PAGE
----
We hear people talking about hypoallergenic dogs all the time. Everybody wants one. They’re the Holy Grail for dog lovers with allergies. Unfortunately, the hard truth is that there is no dog completely free of allergens. There is a specific protein secreted by all dogs through their saliva and urine that is allergenic, and their skin cells are allergenic as well. So, why are some dogs hypoallergenic? I will explain. =D
True Hypoallergenic Dogs are a Myth
There are no such things as hypoallergenic dogs. So why are some dogs hypoallergenic? They aren’t. Those breeds that are considered hypoallergenic are breeds that either shed very little or not at all. One of the biggest contributing factors to allergic reactions to dogs is their shedding. When a dog sheds, it not only loses hair, it loses the skin cells attached to that hair as well as any saliva or – gross as it sounds – urine that may be on the fur. That’s when the allergies flair up. All of that hair coated in saliva and skin cells is flying through the air and going up our noses, getting in our eyes, and even in our mouths. Many times we don’t even notice.
Hypoallergenic dogs are dogs that simply don’t shed as much as other dogs, or they don’t shed at all. This lack of shedding means that there are far less allergens just floating around in the air to irritate an allergic person’s system.
So Why are Some Dogs Hypoallergenic
They don’t shed as much. I’m making this its own section, because this is super important. Just because there is no true hypoallergenic dog, that doesn’t mean you can’t have one. I am severely allergic to dogs, but I’ve had them my entire life. Hypoallergenic dogs, although they are a myth, ARE less irritating to my allergies than a regular pooch. I stick to dogs like the Maltese, West Highland Terrier, and Shih Tzu. They don’t shed, so although they still secret the allergenic protein in the saliva and urine, I don’t have to worry about hair and rogue skin cells getting all up in my nose, eyes, and mouth. It really is a big help. I’ve had little to no problems with my allergies. Just make sure you dust and vacuum, and you’ll be good!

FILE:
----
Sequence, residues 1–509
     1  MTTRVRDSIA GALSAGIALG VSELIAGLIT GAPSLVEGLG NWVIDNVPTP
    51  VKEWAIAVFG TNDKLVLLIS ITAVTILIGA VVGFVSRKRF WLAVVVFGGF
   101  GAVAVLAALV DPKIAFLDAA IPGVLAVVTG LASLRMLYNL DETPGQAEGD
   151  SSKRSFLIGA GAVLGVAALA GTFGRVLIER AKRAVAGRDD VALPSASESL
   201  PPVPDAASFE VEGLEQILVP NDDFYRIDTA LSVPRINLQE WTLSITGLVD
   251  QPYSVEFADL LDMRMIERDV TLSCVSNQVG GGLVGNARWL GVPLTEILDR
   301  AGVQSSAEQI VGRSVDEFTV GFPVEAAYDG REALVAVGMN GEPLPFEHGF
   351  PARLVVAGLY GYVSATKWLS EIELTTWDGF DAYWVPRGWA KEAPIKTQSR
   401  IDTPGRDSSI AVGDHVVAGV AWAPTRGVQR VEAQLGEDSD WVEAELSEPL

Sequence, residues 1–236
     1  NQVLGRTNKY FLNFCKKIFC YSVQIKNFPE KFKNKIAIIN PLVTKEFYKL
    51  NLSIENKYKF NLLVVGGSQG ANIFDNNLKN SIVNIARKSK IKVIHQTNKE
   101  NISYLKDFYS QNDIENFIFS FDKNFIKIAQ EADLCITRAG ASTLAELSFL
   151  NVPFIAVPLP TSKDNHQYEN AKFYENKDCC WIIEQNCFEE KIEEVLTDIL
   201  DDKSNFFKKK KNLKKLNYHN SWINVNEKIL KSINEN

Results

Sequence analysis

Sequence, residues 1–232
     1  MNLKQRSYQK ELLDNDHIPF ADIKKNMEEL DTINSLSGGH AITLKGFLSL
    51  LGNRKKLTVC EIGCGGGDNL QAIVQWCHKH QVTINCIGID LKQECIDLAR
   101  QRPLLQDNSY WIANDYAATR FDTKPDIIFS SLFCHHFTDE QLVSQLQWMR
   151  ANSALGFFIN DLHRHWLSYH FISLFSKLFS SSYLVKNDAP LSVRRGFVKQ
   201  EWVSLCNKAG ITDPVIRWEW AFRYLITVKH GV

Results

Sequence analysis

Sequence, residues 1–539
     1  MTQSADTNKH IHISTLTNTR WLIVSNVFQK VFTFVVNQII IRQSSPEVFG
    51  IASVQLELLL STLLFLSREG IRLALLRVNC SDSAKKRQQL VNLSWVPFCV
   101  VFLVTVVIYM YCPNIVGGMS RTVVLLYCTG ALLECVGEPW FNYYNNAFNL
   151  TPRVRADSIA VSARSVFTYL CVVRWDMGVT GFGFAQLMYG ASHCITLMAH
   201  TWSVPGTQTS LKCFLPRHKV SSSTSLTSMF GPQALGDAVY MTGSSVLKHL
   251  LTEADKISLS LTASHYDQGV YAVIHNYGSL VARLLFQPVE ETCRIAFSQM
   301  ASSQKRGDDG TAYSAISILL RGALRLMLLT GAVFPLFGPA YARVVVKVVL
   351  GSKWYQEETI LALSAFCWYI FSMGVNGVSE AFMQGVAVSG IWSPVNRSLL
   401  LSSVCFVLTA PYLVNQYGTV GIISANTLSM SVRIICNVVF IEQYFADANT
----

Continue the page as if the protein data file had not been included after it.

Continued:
The main takeaway from this should be that although hypoallergenic dogs are a pure myth, you can still have a dog. Just pick a breed that is considered hypoallergenic and be smart with your housekeeping and you’ll be fine. For me, a life without dogs is no life at all, so I’m quite content to just vacuum and dust a little more often. If you make the decision to adopt a dog in spite of your allergy, I think you’ll find that most breeds of hypoallergenic dogs are very doable, and most of them have incredible personalities. I’d strongly consider it. Dogs are the ultimate best buds.
Do you have any questions about hypoallergenic dogs? Ask them in the comments!